Analog Bits Case Study
How does an IC Designer fit complex, mixed-signal IP into an ever smaller package?
The landscape never stops changing for the engineers at Analog Bits. Their customers are running to keep ahead of the miniaturization and cost curves, and they rely on Analog Bits for custom IP that delivers high differentiation, performance and low power in a small footprint.
Power-Optimized High Performance
Analog Bits designs fully customized, transistor-level IP components for integration into digital chips that its customers design on CMOS logic processes. Its products include precision clocking IP macros such as PLLs and DLLs, programmable interconnect solutions such as SERDES and I/Os, and specialized memories such as high-speed SRAMs and T-CAMs.
The ICs end up in applications that call for big improvements in power and performance from one generation to the next: computer graphics boards, gaming consoles, cameras, cell phones, video hardware and the search technology used in high-end routers and switches. These designs are in hundreds of millions of shipped units, in geometry ranging from 0.35Âµm to 40nm.
Beyond Pure Analog Design
"These are not big designs with millions of gates, but they are very complex, mission-critical, mixed-signal designs," explains Mahesh Tirupattur, executive vice president of Analog Bits. "Our customers need these analog functions to drive and interface their digital logic, so our mixed-signal designs require reliable EDA tools."
Knowing that its customers will soon want even higher performance in an even smaller footprint, Mahesh says that the company has already embarked on 32nm designs, and that it plans to continue with Tanner tools in order to re-use the existing 40nm design blocks.
"We've found over the years that the Tanner tools evolve and keep pace with our needs. We are able to achieve our product roadmap of high-speed clocking, interconnects and memories."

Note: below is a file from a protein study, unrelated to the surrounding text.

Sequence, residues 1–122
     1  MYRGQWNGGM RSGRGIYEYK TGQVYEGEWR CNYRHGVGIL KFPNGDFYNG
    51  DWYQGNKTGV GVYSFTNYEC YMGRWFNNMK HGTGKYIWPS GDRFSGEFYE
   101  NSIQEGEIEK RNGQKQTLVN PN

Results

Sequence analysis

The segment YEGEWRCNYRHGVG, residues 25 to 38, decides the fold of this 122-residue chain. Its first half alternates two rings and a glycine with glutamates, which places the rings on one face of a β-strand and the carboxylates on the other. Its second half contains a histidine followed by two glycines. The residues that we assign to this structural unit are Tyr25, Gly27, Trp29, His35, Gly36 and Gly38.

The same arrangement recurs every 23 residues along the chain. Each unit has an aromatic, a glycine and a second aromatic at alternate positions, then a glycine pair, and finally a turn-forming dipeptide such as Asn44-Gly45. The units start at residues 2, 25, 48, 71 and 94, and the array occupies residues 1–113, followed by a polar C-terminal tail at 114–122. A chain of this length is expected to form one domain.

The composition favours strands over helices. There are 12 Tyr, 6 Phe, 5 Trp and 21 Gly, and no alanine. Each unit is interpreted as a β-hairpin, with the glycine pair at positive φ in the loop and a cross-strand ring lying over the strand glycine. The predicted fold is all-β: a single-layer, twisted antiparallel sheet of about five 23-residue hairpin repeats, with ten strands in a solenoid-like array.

Executive Vice President
Analog Bits, Inc
Analog Bits engineering team has grown and scaled efficiently using Tanner tools.
"From the perspective of a focused company looking purely at productivity and engineering resources," continues Mahesh, "I don't need to have a CAD expert on staff if I have Tanner tools. I know we can get all the functionality needed to get the job done efficiently and cost-effectively.
"Strictly from the point of view of logistics and CAD, and for our design needs, Tanner tools are plug-and-play software on par with industry-leading layout tools. Tanner has done a great job of introducing new features and supporting our users for a long time."
Tools that Fit the Organization
Analog Bits has been careful to choose tools according to their fit with the company.
- Production â€” Their production process requires portability of design blocks from one manufacturing process to another, so they've standardized on layout porting techniques facilitated by Tanner tools.
- Verification â€” They have their own rigorous procedure for verifying layout, including DRC/LVS checks and quality metrics coded to Tanner tools that go beyond even the most expensive EDA suites.
- Training â€” Thanks to the training Analog Bits offers its engineers and the low learning curve of Tanner tools, the company begins to realize a return on investment in new talent within a few weeks.
- Productivity â€” In contrast to high-end, server-based tool suites, Tanner tools are PC-based and modular. Inside the building, the advantage lies in the ease of moving among workstations and leveraging new hardware. Outside the building, whether for telecommuting or on-site work with a customer, it's much easier to work remotely on projects with Tanner tools.
Finally, they also realize and appreciate the fact that the company doesn't need to spend hundreds of thousands of dollars on a line of EDA products.
Analog Bits has gotten the most out of Tanner Tools in creating designs for FPGAs, as well as DDR macros and high-speed TCAM (Ternary Content Address Memory) used in network search engines, monitors and PC graphics cards. They also use the tools in low-power designs for devices like hearing aids and wireless headsets for mobile phones.
"We have plenty of technical reasons for staying with Tanner for all these years," concludes Mahesh, "and it also helps to do business with a company that's similar to ours in scale and focus. There has been a lot of consolidation among EDA tool vendors and Tanner manages to stay above the acquisition fray, which is reassuring to us."